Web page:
The fly female reproductive system has been used as a model to understand causes of infertility, genetics of ovarian cancer, and non-hormonal contraceptive development. Despite the significance of understanding reproductive physiology and the recent advances in establishing animal models to study reproductive physiology, the nervous system regulation has been understudied and remains unclear. The broad question that I am interested in is: how does the nervous system sense and control the female reproductive system?
What type of information do sensory neurons encode to inform ourselves about the position of our bodies? What information is relevant or irrelevant? How is relevant stimuli amplified and how is irrelevant stimuli gated?
In the lab of John Tuthill at the University of Washington, I am interested in understanding how sensory inputs, such as Drosophila leg proprioceptors, are modulated presynaptically by using all-optical electrophysiology.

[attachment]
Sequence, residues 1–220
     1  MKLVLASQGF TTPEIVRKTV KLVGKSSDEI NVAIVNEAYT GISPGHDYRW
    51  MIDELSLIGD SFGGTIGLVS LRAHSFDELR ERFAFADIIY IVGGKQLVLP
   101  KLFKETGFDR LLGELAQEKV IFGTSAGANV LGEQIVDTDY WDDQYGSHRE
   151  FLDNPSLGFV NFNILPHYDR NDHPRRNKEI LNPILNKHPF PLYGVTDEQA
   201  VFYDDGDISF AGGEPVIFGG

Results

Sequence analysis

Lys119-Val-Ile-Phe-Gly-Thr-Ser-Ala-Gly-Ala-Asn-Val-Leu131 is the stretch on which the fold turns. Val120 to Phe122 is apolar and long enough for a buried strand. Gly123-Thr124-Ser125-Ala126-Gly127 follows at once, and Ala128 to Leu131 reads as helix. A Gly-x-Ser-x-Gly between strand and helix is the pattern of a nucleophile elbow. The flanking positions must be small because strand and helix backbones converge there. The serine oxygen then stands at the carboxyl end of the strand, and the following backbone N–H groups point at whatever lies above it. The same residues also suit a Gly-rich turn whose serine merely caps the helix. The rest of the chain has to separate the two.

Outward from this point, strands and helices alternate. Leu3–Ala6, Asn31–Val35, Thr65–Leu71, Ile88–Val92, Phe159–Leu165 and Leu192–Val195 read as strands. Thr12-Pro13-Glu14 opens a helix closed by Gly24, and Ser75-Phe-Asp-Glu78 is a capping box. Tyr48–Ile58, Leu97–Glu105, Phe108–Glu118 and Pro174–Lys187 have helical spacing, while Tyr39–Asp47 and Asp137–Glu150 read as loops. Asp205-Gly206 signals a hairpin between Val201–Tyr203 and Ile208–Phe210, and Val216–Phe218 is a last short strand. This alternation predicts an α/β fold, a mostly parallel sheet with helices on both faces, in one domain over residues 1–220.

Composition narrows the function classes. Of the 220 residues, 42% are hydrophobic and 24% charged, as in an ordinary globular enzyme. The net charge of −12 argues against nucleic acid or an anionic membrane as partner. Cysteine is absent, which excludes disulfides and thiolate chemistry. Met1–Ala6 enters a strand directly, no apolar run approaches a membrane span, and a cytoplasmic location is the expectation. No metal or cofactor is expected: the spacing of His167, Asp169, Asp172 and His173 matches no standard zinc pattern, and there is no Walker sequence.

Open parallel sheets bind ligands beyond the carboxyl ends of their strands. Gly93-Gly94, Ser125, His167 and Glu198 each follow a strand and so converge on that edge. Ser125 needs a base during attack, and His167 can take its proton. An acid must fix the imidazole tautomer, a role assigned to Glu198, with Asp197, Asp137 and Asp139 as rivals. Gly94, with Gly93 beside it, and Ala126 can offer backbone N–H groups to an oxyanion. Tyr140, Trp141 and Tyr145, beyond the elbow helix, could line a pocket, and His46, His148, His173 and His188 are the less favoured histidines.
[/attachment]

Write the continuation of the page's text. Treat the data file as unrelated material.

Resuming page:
It can’t be denied that fruit flies are legendarily capable of reproducing at high rates – especially in kitchens during summer. How do they achieve such high numbers of progeny? How do fruit flies ovulate? What is the ovulation stimulus and the cellular responses?
In the lab of Jianjun Sun at the University of Connecticut, I was interested in understanding how ovulation occurs in Drosophila. My work described an ovulatory stimulus (Octopamine), an intracellular response (calcium), an enzymatic response (MMP2), and a transcription factor responsible for the coordination of the cells’ competency (hindsight).